They have a REQUIREMENT for positive/successful/QUICK/NO EFFORT use, in sand/graveL/snow and that is---

A very high (NUMERICAL) crawl ratio and AN auto tranny--they are STUPENDOUS, BUT NOT WITH A STICK TRANNY AND "normal" CRAWL RATIO !

:costumed-smiley-007:wings: JIMBO
 

WMDunkin

Adventurer
:sombrero: These are super useful and carry/pack just like a couple of lunchs-





They have a REQUIREMENT for positive/successful/QUICK/NO EFFORT use, in sand/graveL/snow and that is---

A very high (NUMERICAL) crawl ratio and AN auto tranny--they are STUPENDOUS, BUT NOT WITH A STICK TRANNY AND "normal" CRAWL RATIO !

:costumed-smiley-007:wings: JIMBO
So my wrx in manual without any kind of low ranger would not do well with these?
 

JIMBO

Expedition Leader
:sombrero: :sombrero: Heh Heh, well the "Ironman" in a dunebuggy could beat most "locked Rock Crawlers" across the Rubicon--the driver can make a liar outta old abe-


So my wrx in manual without any kind of low ranger would not do well with these?
The trouble with a stick and not to high a crawl ratio--is the quick/unforgiving torque of the tires on these flexible treads--they are easy to "bunchup"

The auto/w torque converter can EASE the tires into motion, gently, without tread disturbance and the greater the low range/diff. ratios and 1st gear ratio--the better this system operates ! !

I hope you can dig what I'm getting at ?

:costumed-smiley-007:wings: JIMBO
 

FrenchieXJ

Expedition Leader
Jimbo
Could you use some re-bar stakes with a large washer welded into the top end, driven in to anchor them better? This would be at the end away from vehicle. Is there enough room between last 2 cross pieces to fit in the re-bar?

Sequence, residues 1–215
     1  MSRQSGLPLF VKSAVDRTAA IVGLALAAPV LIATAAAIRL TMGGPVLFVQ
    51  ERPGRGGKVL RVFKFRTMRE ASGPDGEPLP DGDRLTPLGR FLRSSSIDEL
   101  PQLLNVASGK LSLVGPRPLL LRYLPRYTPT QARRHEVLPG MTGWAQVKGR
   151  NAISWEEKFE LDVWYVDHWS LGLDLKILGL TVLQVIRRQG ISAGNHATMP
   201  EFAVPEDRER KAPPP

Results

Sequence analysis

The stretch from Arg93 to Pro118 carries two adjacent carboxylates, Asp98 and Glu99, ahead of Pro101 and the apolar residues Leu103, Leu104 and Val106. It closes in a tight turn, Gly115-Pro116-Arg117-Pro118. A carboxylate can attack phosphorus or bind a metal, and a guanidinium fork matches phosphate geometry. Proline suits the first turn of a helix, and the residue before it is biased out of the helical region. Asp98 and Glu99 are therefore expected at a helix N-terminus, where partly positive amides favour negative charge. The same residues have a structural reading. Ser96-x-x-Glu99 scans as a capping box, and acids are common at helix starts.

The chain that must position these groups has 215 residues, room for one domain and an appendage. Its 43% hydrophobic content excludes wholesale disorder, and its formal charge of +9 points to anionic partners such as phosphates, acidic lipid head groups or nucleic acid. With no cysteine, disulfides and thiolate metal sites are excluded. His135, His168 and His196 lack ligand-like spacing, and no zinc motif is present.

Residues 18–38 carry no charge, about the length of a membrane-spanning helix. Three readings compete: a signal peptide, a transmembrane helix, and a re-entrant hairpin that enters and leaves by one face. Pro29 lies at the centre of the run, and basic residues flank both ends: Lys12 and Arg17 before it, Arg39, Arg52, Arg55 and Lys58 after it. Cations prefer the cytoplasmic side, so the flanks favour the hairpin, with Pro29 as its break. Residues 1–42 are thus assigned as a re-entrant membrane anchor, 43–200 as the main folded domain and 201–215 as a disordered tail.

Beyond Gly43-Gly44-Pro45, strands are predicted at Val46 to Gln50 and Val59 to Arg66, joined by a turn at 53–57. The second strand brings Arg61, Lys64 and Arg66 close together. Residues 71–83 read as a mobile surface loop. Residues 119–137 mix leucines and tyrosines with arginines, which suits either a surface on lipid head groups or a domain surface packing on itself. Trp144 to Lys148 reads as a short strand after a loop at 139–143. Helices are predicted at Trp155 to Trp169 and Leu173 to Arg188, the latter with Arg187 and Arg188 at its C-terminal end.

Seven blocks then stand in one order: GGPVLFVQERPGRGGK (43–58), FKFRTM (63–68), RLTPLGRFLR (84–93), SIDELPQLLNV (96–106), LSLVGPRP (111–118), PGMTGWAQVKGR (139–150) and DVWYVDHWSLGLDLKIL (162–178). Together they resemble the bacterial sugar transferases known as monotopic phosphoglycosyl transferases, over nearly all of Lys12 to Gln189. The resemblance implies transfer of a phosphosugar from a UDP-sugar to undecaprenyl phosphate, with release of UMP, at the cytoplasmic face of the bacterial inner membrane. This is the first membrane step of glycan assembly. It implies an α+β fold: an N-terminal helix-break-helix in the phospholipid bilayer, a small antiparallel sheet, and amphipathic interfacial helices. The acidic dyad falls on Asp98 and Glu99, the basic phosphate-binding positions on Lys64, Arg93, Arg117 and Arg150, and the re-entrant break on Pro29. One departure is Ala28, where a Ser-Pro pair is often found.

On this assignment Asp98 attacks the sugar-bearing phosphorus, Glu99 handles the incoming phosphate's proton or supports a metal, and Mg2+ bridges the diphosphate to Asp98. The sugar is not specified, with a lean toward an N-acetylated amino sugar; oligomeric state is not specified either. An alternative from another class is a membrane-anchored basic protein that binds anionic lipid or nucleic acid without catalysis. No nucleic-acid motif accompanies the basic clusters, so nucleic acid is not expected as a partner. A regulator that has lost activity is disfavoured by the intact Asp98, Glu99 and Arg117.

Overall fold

WMDunkin

Adventurer
:sombrero: :sombrero: Heh Heh, well the "Ironman" in a dunebuggy could beat most "locked Rock Crawlers" across the Rubicon--the driver can make a liar outta old abe-




The trouble with a stick and not to high a crawl ratio--is the quick/unforgiving torque of the tires on these flexible treads--they are easy to "bunchup"

The auto/w torque converter can EASE the tires into motion, gently, without tread disturbance and the greater the low range/diff. ratios and 1st gear ratio--the better this system operates ! !

I hope you can dig what I'm getting at ?

:costumed-smiley-007:wings: JIMBO

Yeah I gotcha that is why I am thinking the x-jack would help. So I could "prep" the ground to be driven out on.
 

JIMBO

Expedition Leader
:sombrero: WOW, that must be some tough driving sand-

I'm afraid I don't know anything about driving in that kinda sand, just U.S., beach/desert and mountain shale/sand-

Not being a dune racer, or Baja racer--I don't use tire spin to get through sand/snow, just slow tire torque and varied airdowns and that includes climbing some sand hills--not that EGYPT type sand though-

Very good traction tires/VERY SLOW CONTROLLED torque and my little 5500lb jeep has no trouble and those X-TraXs have saved me several times!

Heh Heh, the best sand/snow tires I ever had, was 35 years ago and they were "C" range Winston "Fun & Mud" 33" tires -ina 6000lb Dodge Ramcharger-those were the days-

If you encounter a narrow ravine, that can be spanned by one of those solid traction units (MaxTrack/TRED)--you can drive overit anyway, with cross control/lockers --of course if it's between big rocks-you will need a "bridge"-

It's a jungle out there

:costumed-smiley-007:wings: JIMBO
 

LR Max

Local Oaf
Actually last week I encountered a situation where the left side of the trail was muddy. Despite having lockers and mud tires aired down, I couldn't make it up. A friend towed me but if I was by myself, traction mats would've looked quite attractive. Throw em in the mud right in the spot I had trouble at, just needed to get 10 feet further and I would've been home free.

Same trip, I had trouble climbing a rock ledge. A bridging ladder might have allowed me to go out up it. Dunno for sure as I didn't have one. Rode a winch cable instead. A Bridging ladder would've been a lot easier to deal with than the winch.